Neisseria gonorrheae and Shigella:
* Becoming increasingly resistant to drugs
By Louis G. DePaola, DOS, MS, and Jacquelyn L. Fried, RDH, MS
Louis G. DePaola, DDS, MS, is a professor in the Department of Oncology and Diagnostic Sciences, Dental School, University of Maryland, Baltimore. He received his DDS in 1975, completed a master's degree in oral biology, is a diplomate of the American Board of Oral Medicine and the American College of Dentists and has a certificate in prosthodontics. He is an international lecturer and executive director of Biosafety and Continuous Quality Improvement, Dental School, University of Maryland, Baltimore. Active in research, he has authored and co-authored of over 130 journal articles, book chapters and abstracts and serves as a consultant to the American Dental Association and numerous other professional groups and private industry.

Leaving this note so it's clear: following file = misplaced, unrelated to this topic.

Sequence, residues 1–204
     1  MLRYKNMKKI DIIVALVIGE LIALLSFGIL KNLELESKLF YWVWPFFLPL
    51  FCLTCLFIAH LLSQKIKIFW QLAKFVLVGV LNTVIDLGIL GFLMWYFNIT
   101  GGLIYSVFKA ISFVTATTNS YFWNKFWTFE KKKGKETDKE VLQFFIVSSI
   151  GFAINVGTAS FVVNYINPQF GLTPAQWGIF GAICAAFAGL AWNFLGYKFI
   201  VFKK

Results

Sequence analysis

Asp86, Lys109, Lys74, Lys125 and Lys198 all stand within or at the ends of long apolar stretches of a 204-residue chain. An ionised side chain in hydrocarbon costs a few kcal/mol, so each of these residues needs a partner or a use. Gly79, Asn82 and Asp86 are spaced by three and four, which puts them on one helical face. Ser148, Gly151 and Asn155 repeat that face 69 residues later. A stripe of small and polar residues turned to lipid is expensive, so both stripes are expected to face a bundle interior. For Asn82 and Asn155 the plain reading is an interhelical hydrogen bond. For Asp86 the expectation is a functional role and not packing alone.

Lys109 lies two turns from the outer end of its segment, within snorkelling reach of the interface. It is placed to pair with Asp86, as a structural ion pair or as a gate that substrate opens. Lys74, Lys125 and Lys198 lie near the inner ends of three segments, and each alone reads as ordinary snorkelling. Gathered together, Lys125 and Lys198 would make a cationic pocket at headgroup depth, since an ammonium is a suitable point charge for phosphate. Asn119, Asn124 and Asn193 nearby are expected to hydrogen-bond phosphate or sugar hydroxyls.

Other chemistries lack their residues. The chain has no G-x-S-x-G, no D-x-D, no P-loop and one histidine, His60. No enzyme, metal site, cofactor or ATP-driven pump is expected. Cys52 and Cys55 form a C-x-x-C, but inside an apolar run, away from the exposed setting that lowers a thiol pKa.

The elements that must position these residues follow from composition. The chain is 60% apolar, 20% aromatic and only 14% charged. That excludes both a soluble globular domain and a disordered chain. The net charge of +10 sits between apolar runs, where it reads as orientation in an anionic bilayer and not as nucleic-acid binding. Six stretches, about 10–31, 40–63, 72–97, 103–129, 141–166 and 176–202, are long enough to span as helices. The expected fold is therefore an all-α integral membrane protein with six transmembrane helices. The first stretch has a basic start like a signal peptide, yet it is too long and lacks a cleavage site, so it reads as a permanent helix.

Jacquelyn L. Fried, RDH, MS, received her Bachelor of Arts in political science and her Certificate in Dental Hygiene from Ohio State University. She also holds a Master of Science in Dental Hygiene from Old Dominion University. She is associate professor and director of the Dental Hygiene Program in the Department of Health Promotion and Policy at the University of Maryland Dental School. She has been in dental hygiene education for almost 30 years. She has been involved with clinical, research, didactic and community activities related to tobacco. She currently serves as principal investigator for a tobacco training grant funded by the State of Maryland. An active member of the American Dental Hygienists' Association, Fried is widely published and has authored numerous manuscripts and book chapters. She teaches both didactically and clinically and has received student awards for her teaching abilities.
|Printer friendly Cite/link Email Feedback|
|Title Annotation:||infection control|
|Author:||DePaola, Louis G.; Fried, Jacquelyn L.|
|Date:||Sep 1, 2011|
|Previous Article:||Who are you? Forensic dentistry and your identity.|
|Next Article:||Jacquelyn L Fried, RDH, MS.|